Another FE report adds: The country is likely to achieve 7.0 per cent GDP growth in the current fiscal year, the planning minister said Sunday.
He expressed the hope while addressing a round-table on “Harmonisation of Economic Policy in Bangladesh”, organised by the Board of Investment (BOI).
Unlike other countries, the minister said, the growth in Bangladesh will be sustainable and inclusive one taking into consideration everybody’s interest.
“To make the growth more resilient, the government is contemplating harmonising the economic policies, making these complementary to each other, to expedite the country’s economic growth,” said the minister.
At present, many of development works, transactions, trade and business are being hampered because of policy complications and lack of coordination, said the minister adding that all the policies will be incorporated in a harmonised way in the Seventh Five-Year Plan (SFYP) the implementation of which will begin in July next year.
“There is no harmonisation, convergence and compatibility with the policies, even among the government institutions in banking sector, capital market and other financial and non- financial institutions”, said the minister.
Even there is no policy for merger, acquisition and amalgamation of companies, which, the minister said, might help a company to get rid of sickness.
“But the SFYP will incorporate all necessary policies touching all economic issues including banks, insurance, future market, venture capital and so on …., said the minister adding that measures will also be taken to bring down the cost of doing business.
Held at the auditorium of the Bangladesh Institute of Administration and Management (BIAM), the conference was also addressed among others by BOI executive chairman Dr MA Samad and Daily Arthoniti Editor Zahiduzzaman Faruque. Former minister Dr Mohiuddin Khan Alamgir presented the keynote paper. A large number of government officials, mainly from the BOI and concerned ministries and trade bodies attended the seminar.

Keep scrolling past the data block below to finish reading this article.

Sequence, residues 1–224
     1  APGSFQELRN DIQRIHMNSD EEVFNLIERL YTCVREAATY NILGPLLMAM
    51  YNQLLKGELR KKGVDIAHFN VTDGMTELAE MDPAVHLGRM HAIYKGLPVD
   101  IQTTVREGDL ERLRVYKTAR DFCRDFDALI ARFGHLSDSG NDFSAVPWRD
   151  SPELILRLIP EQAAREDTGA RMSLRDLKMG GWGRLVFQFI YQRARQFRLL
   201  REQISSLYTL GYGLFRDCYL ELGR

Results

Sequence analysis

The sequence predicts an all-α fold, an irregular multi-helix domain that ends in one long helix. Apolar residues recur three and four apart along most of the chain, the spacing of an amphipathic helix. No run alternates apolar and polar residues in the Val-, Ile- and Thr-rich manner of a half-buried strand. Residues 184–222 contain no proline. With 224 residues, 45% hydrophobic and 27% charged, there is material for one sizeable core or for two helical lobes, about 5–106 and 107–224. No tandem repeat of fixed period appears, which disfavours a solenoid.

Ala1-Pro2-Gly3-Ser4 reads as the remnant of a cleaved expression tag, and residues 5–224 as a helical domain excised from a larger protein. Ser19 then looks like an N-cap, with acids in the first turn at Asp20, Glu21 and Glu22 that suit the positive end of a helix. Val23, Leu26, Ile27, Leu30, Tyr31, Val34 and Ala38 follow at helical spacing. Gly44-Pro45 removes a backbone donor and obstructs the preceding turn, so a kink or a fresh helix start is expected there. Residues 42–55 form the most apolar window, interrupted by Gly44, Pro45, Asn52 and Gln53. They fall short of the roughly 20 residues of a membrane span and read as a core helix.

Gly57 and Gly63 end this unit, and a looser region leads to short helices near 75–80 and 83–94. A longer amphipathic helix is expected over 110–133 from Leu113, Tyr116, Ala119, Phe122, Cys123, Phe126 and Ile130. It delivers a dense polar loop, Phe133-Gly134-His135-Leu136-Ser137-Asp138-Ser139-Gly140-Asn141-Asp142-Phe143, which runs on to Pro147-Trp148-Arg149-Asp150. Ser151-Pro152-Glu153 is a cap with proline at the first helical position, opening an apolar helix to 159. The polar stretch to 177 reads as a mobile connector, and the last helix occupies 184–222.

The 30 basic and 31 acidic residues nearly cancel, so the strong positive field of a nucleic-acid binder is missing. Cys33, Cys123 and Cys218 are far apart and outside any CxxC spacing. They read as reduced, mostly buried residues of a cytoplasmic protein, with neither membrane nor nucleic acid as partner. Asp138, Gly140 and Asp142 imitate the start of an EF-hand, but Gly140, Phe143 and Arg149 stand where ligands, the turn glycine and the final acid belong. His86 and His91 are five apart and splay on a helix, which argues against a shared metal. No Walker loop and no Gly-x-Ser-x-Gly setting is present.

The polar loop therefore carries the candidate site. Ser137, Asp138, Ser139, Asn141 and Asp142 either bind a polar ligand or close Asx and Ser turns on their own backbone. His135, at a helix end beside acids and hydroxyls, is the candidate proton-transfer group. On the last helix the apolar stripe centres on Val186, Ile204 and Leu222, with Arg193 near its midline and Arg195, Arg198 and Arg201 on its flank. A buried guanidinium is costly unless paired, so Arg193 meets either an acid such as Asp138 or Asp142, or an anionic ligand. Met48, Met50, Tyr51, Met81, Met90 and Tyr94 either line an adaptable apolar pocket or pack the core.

In his paper, Dr Mohiuddin Khan Alamgir pinpointed the anomalies and lack of coordination and policy complications which are slowing down and sometimes hindering development works. He pointed out that despite substantial increase in the size of the national budget the development budget still remained undersized, compared to the expenditures allocated for the Armed Forces and the administration.
He lamented that infrastructure development, especially physical infrastructure as well as power and energy, could not take place in tune with economic development.
“The private sector growth initiative will be slowed down unless these infrastructure obstacles are removed accordingly,” said Dr Alamgir, also chairman of the Public Accounts Committee.
He called for taking policy measures for revival of sick industries and harmonisation of economic policies to remove the complexities that hinder smooth functioning of development works.
Mr Zahiduzzaman also shared his experience as to how the Sidr victims are passing their days almost without food and shelters in remote southern districts where the cyclone left a vast trail of devastation.
They could not get rid of the curse mainly due to lack of policy support and coordination of local government bodies although a huge amount of money is being spent for their rehabilitation and welfare, he said.
The BOI chairman in his welcome address also stressed the need for giving all-out policy supports to the private sector that accounts almost 80 per cent of the country’s investment.